Conventional radiography is useful, both by itself and in conjunction with CT or MRI, for detecting complications of osteopenia (reduced bone mass; pre-osteoporosis), such as fractures; for differential diagnosis of osteopenia; or for follow-up examinations in specific clinical settings, such as soft tissue calcifications, secondary hyperparathyroidism, or osteomalacia in renal osteodystrophy. However, radiography is relatively insensitive to detection of early disease and requires a substantial amount of bone loss (about 30%) to be apparent on x-ray images.The main radiographic features of generalized osteoporosis are cortical thinning and increased radiolucency.
Osteomalacia is the softening of the bones due to defective bone mineralization secondary to inadequate amounts of available phosphorus and calcium.Osteomalacia in children is known as rickets, and because of this, use of the term osteomalacia is often restricted to the milder, adult form of the disease.The most common cause of the disease is a deficiency in vitamin D, which is normally obtained from the diet and/or sunlight exposure.Loosers zones or Milkmans pseudofractures are strongly suggestive but not diagnostic of osteomalacia.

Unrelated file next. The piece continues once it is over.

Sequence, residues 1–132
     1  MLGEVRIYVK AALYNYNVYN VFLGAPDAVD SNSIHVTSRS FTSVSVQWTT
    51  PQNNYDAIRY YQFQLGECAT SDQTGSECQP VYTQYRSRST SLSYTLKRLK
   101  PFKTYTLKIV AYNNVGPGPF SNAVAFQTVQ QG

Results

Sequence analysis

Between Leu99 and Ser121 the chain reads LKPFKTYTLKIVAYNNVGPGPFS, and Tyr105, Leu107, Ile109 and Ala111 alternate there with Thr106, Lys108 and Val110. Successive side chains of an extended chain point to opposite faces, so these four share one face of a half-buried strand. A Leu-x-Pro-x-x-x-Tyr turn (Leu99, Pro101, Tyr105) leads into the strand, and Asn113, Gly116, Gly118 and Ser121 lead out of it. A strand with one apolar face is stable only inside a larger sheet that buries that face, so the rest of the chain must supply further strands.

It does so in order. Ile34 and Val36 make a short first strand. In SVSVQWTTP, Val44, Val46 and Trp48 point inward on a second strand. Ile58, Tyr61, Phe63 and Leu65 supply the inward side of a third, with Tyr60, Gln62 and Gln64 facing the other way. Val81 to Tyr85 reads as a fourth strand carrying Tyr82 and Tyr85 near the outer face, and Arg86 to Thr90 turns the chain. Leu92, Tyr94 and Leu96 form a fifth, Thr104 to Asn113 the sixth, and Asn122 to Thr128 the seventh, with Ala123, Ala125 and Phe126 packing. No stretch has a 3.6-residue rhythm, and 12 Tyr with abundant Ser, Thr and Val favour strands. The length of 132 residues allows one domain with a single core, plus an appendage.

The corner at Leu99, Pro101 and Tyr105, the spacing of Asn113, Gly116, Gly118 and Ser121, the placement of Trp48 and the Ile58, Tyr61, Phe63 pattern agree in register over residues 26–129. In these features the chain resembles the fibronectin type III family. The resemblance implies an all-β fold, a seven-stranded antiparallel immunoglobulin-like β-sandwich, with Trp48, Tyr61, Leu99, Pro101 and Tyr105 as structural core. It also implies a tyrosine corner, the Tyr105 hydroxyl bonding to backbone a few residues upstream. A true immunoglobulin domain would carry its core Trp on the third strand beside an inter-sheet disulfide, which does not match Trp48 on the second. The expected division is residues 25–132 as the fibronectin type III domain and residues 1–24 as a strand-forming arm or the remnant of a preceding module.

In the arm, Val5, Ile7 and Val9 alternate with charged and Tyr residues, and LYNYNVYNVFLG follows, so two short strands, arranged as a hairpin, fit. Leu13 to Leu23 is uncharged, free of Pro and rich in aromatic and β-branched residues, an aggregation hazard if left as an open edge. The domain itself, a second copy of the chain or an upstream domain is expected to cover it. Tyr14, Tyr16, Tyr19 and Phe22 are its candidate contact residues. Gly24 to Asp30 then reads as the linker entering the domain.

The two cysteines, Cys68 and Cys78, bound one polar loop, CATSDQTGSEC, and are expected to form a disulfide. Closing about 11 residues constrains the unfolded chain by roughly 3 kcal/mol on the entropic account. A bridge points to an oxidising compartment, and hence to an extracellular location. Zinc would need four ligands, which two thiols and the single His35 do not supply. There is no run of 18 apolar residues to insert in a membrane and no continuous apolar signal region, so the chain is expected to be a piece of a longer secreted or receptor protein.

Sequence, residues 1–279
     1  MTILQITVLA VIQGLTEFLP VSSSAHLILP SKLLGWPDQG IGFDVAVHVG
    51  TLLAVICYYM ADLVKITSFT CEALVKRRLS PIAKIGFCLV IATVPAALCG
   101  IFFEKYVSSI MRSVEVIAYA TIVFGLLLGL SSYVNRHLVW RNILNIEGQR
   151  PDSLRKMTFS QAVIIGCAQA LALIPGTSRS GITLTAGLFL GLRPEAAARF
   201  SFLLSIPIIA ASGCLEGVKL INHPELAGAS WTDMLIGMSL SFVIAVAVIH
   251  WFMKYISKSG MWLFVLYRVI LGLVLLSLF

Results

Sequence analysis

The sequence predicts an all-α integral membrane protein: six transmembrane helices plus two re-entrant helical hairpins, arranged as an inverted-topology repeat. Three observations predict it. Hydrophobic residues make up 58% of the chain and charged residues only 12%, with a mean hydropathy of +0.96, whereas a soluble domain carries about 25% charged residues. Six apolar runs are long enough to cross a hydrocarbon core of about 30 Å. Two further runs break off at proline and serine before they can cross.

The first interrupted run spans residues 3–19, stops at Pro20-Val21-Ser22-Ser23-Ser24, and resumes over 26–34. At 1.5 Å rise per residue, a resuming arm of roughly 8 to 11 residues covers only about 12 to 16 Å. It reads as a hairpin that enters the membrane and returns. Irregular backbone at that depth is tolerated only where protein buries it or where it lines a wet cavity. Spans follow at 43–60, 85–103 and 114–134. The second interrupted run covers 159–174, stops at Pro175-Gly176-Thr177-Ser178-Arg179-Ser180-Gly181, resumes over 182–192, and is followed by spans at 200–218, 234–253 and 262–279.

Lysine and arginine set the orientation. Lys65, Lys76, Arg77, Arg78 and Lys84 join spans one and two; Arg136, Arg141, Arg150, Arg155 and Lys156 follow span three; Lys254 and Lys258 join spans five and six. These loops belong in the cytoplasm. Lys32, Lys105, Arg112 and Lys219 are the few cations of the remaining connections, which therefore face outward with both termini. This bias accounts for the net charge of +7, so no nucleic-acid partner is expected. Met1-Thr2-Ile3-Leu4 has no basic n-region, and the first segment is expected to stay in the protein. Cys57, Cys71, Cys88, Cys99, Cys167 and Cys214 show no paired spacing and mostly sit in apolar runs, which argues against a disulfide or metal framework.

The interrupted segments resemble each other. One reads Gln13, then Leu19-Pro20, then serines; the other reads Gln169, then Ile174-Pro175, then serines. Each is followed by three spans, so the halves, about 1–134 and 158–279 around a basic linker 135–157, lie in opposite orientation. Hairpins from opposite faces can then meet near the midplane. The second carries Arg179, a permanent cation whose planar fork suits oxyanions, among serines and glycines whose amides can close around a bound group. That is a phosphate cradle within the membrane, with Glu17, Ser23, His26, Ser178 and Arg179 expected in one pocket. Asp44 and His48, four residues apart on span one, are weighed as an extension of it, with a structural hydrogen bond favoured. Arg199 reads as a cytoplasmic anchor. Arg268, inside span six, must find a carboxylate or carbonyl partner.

Osteosclerosis is an abnormal hardening or increased density of bone on radiographs.Increased radiodensity of bone that may occur with various conditions including renal osteodystrophy, osteopetrosis and pyknodysostosis.
Renal osteodystrophy is a general term used to describe the bony changes associated with chronic renal disease.
Osteopetrosis is a thymic defect which results in generalised osteosclerosis with dense, thick, brittle bones.It is most marked with generalized osteosclerosis, cortical thickening, loss of normal cortico-cancellous differentiation and obliteration of normal trabecular pattern.
Pyknodysostosis is a dysplasia manifest clinically by dwarfism, increased bone fragility and sclerotic bones.It is a syndrome chararacterized by osteosclerosis, short stature, short broad hands